2. Frankly, the book as a literary product leaves more to be desired than to be praised. An English translation from the German original, Unsere Vorfahren die Veneter, the book is essentially an amalgam of articles by three authors: Jožko Šavli, Ph.D.; poet, dramatist and critic, Matej Bor, recipient of the Preseren Prize, Slovenia's highest award for culture; and Father Ivan Tomažič of the University of Vienna. Each of these three contribute to the book as a recognized scholar in his own right. Dr. Šavli, a respected fellow Augustan, has published a number of quality studies in our society's journals, and the reviewer has had the pleasure of assisting him on occasion as proof reader / translator. Therein lies the reviewer's frustration with the literary quality of Veneti. Technically correct, much of the language is "translational English," with sporadic lapses of number accord and cognate grammatical deficiencies. Predictably, it is somewhat lacking in idiomatic English Sprachgefühl. Nor is it inappropriate at this juncture for the reviewer to note his fraternal willingness to assist Dr. Šavli in anglicizing; ars pro arte, any subsequent English-language edition of the book. Its subject matter is simply too important to beg vigorous, structurally strong argumentation, as the reader will shortly see.
Veneti presents the contributions of each author consecutively in three distinct sections. Dr. Šavli's articles in Part One set the tone for the reader's subsequent evaluations, and, deplorably, are phrased most "translationally." Part Two,3 Bor's contribution, is the most reader-friendly section of the book. Yet, rare will be the layman with the Sitzfleisch to wade so far into it undeterred. On the other hand, perhaps even more seldom will be the open-minded specialist whom the preceding pages will not have dissuaded from a resolute determination to digest Veneti's arguments. The line of argumentation itself, the only real point of the book is not well seamed and simply presents the reader with a dearth of cogency. Had Part Two, Bor's writings, opened the discussion, the stage could have been set for Šavli's Part One to supplement and significantly underscore Bor's conclusions. The approach of each author does successfully propound the central theses of the book, though the reader is left the overwhelming task of constructing his own synthesis from the array of disparate data set out. Nevertheless, even this architectural flaw cannot detract from the splendid accomplishment of Šavli, Bor, and Tomažič in bringing the attention of the English-speaking world the results of their studies. May it be acknowledged that beneath the imperfect form of this first edition of Veneti lies a serious example of refined erudition and objective scholarly investigation.
3. Having set forth for the reader a laconic sketch of the linguistic and historic backdrop to the printing of Veneti, and having summarily indicated some areas for amelioration in subsequent English editions, we may now direct our concern to issues of content.
It is unlikely that any member of our society will be unaware that the line of demarcation dividing the Early and Late Iron Ages in Europe is represented by the Celtic migration c400 B.C.E. More, the Celtic migration extended throughout Western and Central Europe and reached, in the early third century B.C.E., as far as what had earlier been known as Phrygia in Asia Minor. It is to this "Gallic" Christian community that St. Paul directed his Epistle to the Galatians. We refer to the Indo-European language of these peoples as Proto-Celtic and to their civilization as La Tene culture (c400-cl5 B.C.E.) Keeping this paradigm in mind, it will be somewhat easier for the reader to envisage the probabilities of historical accuracy in the following iconoclastic theses defended by the book.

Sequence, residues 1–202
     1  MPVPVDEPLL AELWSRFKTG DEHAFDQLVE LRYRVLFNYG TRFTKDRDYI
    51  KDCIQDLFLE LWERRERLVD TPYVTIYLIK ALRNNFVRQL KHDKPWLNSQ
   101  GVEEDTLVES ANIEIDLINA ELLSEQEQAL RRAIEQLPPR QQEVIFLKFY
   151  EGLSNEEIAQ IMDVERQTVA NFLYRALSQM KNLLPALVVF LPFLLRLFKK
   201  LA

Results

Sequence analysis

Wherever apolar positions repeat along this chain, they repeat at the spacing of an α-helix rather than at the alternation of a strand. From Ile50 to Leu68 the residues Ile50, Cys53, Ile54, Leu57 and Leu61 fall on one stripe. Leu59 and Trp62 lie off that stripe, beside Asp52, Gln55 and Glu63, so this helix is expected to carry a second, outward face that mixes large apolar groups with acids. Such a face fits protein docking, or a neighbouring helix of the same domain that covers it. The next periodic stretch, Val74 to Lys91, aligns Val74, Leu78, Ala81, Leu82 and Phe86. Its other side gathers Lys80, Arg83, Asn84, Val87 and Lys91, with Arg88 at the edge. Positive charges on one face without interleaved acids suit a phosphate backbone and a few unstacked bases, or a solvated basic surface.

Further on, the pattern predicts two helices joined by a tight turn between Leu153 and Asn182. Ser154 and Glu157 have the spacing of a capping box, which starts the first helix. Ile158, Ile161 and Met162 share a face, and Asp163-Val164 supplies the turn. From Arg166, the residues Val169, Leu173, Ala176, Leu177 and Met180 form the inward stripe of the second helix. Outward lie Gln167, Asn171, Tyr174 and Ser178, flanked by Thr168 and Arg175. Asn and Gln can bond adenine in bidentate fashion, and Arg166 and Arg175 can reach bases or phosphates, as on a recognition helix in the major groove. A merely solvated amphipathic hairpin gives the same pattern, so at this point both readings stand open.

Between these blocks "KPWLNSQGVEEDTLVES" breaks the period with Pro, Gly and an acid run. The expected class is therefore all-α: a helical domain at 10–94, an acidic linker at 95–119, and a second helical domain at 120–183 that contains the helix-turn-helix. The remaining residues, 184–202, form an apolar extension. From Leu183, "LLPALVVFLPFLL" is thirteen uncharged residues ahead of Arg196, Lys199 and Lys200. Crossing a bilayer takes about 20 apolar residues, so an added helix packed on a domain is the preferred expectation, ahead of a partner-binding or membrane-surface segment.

3.1. A Proto-Slavic speech community had divided into Proto-West Slavic and Proto-East Slavic dialects some time before the formation of the Lusatian Culture (c1300-c1100 B.C.E.) and had also extended throughout a great part of Western and Central Europe and as far as Pamphlagonia, the northern coast of Asia Minor. There, according to Homer (II. ii, 85), they (hoi Heneloi) specialized in the breeding of "wild mules." Šavli's valid findings from his analysis of European toponymy4 adequately establish an infra-structural Slavic presence throughout these regions. This conclusion is equally supported by Bor's chapter, "Similarity of the Slovene, Latvian, and Breton Words."5 The reviewer has also carried out the homework for this independently,6 inducing him to inevitable concurrence with Bor's results. The significance of Bor's discovery of a layer of Slavic loanwords in Breton cannot bc overstated. Their presence clarifies the comments of Julius Caesar's De Bello Gallico. "The Veneti are by far the strongest tribe on this coast . . They possess the most powerful fleet with which they sail as far as Britain . . ."7 Pliny the Elder, Strabo, Ptolemy, and Casius Dio also refer to the Veneti in Gaul (Armorica). Bor's recovery of these Slavic lexical loans in Breton necessitates our reexamination of certain aspects of universally accepted academic theory as exemplified by the following definition: VENETI . . . A Celtic people in the northwest of Gallia Celtica . . . In the winter of 57 B.C., they took up arms against the Romans, and in 56 were decisively defeated in a naval engagement."8 Bor has clearly established the existence of Slavic loans in Breton and this fact strongly suggests that prior to the arrival in Armorica of the Brythonic (Insular P-Celtic) speaking refugees fleeing the Saxon invasions of South Britain, the indigenous Venetic population had indeed been Slavic. That a knowledge of Slovenian dialectology enabled Bor to proceed in his analysis is itself of importance.